cato_the_elder 7 years, 7 months ago

Beobachter, I'd be happy to. With regard to our economy, just for starters Obama should have advocated:

  1. The elimination of the capital gains tax, which would have jump-started our economy overnight.

  2. Reducing the corporate tax rate, which is the second highest in the world (soon to be number one if Japan follows through with its presently-reported plans to cut its current rate).

  3. Further reducing personal income tax rates beyond those rates existing under previous legislation commonly referred to as the "Bush tax cuts."

  4. Eliminating the Estate Tax.

  5. A much, much smaller "Stimulus" bill, free of pork and designed to accomplish putting people to work on privately-contracted projects that actually accomplish something for the common good and are not simply welfare payments to public employees. One excellent example would have been the construction of a serious fence over our entire southern border with Mexico, the cost of which has been estimated at $4 billion - a drop in the bucket when compared with Obama's Porkulus legislation - and would have provided many, many people with good jobs until the economy were to have turned around. Obama's legislation has created very few, if any, jobs in the private sector, which is the economic engine that has made this country what it is today.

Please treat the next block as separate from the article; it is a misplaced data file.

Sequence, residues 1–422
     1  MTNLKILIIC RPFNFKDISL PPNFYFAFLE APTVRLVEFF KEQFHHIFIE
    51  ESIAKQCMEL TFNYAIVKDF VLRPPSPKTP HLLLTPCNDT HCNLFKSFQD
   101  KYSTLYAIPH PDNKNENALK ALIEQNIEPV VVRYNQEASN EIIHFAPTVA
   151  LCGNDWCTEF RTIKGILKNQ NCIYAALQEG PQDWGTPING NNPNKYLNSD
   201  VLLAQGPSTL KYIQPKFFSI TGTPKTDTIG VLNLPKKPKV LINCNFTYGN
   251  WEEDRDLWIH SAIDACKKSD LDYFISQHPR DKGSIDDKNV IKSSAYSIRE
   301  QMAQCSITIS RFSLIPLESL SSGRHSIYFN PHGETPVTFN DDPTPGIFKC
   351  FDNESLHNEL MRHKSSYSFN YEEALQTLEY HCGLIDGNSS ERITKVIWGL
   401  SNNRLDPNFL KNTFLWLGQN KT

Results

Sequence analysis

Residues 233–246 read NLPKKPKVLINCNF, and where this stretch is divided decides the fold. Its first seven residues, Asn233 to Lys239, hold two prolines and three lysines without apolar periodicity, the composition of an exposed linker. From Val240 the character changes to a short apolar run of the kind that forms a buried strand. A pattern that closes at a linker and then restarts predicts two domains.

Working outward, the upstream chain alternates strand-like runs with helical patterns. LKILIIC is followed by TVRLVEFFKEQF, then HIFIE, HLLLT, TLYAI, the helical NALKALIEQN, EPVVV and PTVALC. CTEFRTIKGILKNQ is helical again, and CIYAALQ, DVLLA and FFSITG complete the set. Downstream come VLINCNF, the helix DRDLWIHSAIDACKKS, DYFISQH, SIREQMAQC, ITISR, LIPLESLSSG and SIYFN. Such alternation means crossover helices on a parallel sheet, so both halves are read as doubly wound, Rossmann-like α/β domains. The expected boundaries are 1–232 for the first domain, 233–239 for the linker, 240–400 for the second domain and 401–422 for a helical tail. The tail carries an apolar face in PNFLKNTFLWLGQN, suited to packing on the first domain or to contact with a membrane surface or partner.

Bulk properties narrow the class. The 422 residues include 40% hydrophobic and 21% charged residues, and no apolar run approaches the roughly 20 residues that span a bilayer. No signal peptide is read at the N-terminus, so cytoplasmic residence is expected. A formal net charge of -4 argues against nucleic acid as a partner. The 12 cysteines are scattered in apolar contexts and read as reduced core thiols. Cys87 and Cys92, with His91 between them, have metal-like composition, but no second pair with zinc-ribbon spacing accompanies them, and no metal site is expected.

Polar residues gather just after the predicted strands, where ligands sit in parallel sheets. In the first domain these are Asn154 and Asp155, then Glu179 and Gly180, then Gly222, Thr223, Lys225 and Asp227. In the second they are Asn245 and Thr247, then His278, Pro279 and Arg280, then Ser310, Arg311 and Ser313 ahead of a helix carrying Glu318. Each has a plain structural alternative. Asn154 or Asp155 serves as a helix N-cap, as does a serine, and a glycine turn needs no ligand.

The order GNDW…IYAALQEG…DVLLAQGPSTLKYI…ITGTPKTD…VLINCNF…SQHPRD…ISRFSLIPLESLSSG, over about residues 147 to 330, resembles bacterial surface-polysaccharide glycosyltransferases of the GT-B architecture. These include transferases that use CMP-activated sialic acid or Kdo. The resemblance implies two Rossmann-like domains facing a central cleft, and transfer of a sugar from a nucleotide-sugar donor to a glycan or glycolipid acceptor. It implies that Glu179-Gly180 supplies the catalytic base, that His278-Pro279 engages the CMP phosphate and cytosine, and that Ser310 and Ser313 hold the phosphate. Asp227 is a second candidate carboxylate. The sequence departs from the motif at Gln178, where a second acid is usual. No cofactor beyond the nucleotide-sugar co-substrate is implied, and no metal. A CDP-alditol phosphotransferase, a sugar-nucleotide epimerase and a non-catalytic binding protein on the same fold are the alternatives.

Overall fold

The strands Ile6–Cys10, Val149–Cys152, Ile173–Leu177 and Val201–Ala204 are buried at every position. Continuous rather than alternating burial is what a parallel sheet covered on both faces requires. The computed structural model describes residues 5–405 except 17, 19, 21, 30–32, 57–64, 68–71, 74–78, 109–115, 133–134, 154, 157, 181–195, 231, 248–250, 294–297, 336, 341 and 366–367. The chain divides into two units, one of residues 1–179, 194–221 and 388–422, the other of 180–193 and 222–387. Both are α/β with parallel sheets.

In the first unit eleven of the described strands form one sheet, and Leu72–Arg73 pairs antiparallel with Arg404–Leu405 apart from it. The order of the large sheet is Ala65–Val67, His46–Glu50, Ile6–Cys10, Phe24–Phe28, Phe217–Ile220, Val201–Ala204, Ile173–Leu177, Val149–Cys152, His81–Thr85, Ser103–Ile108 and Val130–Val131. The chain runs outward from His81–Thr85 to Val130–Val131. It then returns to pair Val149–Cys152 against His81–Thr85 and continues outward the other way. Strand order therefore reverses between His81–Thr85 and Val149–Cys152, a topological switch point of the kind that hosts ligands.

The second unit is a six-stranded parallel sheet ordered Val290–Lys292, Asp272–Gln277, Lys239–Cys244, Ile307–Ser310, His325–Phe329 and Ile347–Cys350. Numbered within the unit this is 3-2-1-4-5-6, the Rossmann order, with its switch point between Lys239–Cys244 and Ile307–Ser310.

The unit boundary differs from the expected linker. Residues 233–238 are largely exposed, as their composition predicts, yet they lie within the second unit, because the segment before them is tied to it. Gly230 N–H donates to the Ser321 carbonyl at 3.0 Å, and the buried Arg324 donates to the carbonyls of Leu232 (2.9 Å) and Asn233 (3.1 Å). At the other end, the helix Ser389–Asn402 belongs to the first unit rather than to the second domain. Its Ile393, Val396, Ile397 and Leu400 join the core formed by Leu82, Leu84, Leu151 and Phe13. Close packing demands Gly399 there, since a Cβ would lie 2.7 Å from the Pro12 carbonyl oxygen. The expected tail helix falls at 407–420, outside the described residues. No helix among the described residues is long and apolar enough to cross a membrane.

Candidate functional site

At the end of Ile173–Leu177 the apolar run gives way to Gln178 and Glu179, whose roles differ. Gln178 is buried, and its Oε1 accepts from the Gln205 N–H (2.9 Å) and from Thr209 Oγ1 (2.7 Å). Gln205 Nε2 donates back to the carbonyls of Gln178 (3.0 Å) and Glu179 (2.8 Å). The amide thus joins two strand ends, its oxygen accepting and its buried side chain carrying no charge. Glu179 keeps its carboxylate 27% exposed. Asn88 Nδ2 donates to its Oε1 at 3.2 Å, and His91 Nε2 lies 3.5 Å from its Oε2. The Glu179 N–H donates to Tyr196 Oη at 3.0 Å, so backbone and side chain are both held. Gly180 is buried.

6. Dramatically cutting non-essential federal spending and entitlement programs, and raising the age to qualify for receipt of social security.

  7. Allowing GM and Chrysler to take Chapter 11 bankruptcy, which is precisely what Chapter 11 was designed for.